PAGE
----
There are generally two systems that we use for reporting assaults and injuries but they are separate and we use them differently.
Assaults should be reported on your local/force crime platform (Niche/CRIS etc). In order to comply with our legal health and safety (H&S) obligations forces also have various health and safety reporting methods, some electronic, some paper-based. In some cases, they overlap. Reporting assaults with injury and near misses through health and safety processes is a legal requirement.
Yes, it can mean repetition but it’s important to get right. Why?
The figures generated from both platforms help us understand what has happened to our colleagues as soon as possible. They help us inform tactics and training and prepare for the next time. They help us accurately inform others such as the Home Office and the media of what it is our colleagues face. They help us support you and your colleagues.
Assault v injury on duty
Clearly, not all assaults result in injury, and conversely not all injuries are as a result of an assault. It is important that we assess and accurately record assault and injuries correctly so that the most appropriate investigation can be conducted be that criminal or health and safety focused.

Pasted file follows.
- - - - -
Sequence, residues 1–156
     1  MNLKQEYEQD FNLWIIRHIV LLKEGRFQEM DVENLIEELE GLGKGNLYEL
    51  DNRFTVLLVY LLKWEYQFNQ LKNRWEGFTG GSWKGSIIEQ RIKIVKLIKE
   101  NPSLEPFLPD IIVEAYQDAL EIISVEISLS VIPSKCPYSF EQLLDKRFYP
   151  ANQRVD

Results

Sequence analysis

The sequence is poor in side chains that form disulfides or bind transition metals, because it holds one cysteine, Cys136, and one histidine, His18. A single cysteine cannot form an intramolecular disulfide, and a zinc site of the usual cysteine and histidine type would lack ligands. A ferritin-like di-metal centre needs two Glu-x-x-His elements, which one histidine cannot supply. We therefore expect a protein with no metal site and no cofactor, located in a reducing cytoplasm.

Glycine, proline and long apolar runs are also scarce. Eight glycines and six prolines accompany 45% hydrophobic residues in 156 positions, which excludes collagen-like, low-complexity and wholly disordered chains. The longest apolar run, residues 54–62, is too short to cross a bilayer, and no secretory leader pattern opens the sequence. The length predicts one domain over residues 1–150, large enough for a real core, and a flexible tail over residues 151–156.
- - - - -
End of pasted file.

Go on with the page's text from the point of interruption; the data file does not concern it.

In evidencing an assault, it is important to show where possible that the suspect carried out an intentional act. This evidence could be something said by the suspect before the assault or a witness/victim account of a deliberate act (e.g. slapping, punching, kicking, spitting, etc). Ultimately, every assault or injury needs to be assessed on its merits and if there is no clear deliberate, or obvious intent to cause harm then the issue of recklessness will need to be carefully assessed to ensure we record the incident accurately.
Injury on duty
Examples of incidents that would amount to an injury on duty but not an assault could include:
- restraining a suspect on the floor who is resisting and receiving a graze to the knee
- a cut to the hand sustained whilst cuffing a suspect
- a scrape on the knuckles on a wall whilst arresting a suspect
- pulled ligaments or sprains when a suspect tears themselves away from an officers grasp in order to resist arrest
There is no legal definition of ‘resisting arrest’ and the term ‘resist’ does not imply assault. A suspects who pulls themselves away from an officer who is attempting to detain them does not necessarily commit and assault regardless of whether an injury occurred as a result.
Consideration should be given as to the intention of the suspect in each case as this will be key as to whether the incident is an assault or an injury on duty.